Do you think Covid will change the way services are run in the future?

Jadesola: I think there’ll be an increase in innovation within the health sector – Covid will allow us to expand our minds to create new ideas and innovations that will help patient care whether it be virtually or face to face. 

Memuna: Modern technology will have the most impact. Instagram, Twitter, social media is good for passing information. On the negative impact, there will be a communication barrier. We can’t see a whole room or sense feelings through videos – we need to see feelings when giving care. When patients come in to see us and away from home, they open up more because they are coming away from the problem.

Phinah: We’ve learnt a lot and are still learning through the experiences we have been through. I think the virtual platform will stay with us because there is a lot of advantage – we save time sorting out meetings, the venue, we see more attendance in meetings because people can be ‘seated’ anywhere, it’s quicker to log in as it’s convenient for them. Also, strengthening infection control and measures including septic technique have been highlighted in how important they are in infection prevention. And for me, the work culture and kindness has been a key thing, to be compassionate with each other and be self-compassionate as NHS nurses and midwives.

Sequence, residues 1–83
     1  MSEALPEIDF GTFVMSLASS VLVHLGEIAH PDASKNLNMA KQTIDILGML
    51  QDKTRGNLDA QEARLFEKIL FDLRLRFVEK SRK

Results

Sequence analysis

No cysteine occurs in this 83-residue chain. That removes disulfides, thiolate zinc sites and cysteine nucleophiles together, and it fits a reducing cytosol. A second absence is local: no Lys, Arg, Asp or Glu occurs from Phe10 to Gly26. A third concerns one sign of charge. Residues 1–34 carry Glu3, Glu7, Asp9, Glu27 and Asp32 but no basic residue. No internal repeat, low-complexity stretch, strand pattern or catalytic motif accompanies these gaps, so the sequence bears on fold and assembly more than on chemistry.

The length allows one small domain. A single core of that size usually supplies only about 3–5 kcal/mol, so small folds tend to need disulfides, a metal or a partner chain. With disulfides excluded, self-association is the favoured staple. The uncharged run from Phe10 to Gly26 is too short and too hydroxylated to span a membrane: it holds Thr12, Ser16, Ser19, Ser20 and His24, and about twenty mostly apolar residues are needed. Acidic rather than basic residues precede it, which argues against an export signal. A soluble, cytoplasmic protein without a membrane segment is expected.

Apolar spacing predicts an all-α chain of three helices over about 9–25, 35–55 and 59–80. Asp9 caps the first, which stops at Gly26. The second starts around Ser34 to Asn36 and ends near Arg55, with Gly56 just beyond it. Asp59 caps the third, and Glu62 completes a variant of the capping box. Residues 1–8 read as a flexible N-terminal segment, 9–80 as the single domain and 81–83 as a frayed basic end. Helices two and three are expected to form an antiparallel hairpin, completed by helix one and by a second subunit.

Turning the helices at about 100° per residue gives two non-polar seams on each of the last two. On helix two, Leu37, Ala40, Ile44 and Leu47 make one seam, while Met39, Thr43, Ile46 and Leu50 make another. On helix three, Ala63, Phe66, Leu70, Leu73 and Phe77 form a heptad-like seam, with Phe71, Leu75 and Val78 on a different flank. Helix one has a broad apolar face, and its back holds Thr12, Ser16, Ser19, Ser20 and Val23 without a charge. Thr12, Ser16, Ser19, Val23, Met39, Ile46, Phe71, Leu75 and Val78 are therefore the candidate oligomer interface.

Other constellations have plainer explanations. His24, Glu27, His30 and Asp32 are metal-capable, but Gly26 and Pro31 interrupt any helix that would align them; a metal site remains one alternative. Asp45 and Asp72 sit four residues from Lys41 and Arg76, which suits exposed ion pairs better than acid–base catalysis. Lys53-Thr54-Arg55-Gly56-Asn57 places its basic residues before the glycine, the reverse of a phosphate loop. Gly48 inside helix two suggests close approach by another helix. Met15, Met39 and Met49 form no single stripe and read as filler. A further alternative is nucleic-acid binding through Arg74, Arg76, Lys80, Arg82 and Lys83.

All guidance is correct at the time of publishing but contact your maternity team for more information on what is happening in your area.

If left untreated, mental health issues can have significant and long-lasting effects on the woman, the child, and the wider family. The NHS offers specialist perinatal mental health services which provide care and treatment for women with complex mental health needs and support the developing relationship between parent and baby. They also offer women with mental health needs advice for planning a pregnancy. Speak to your GP or midwife if you need help with your mental health.

For more information visit the NHS’s information page on Mental Health Problems and Pregnancy.

If you have any other questions about what to expect during pregnancy and birth throughout the pandemic, take a look at the NHS’s information page on Pregnancy and Coronavirus.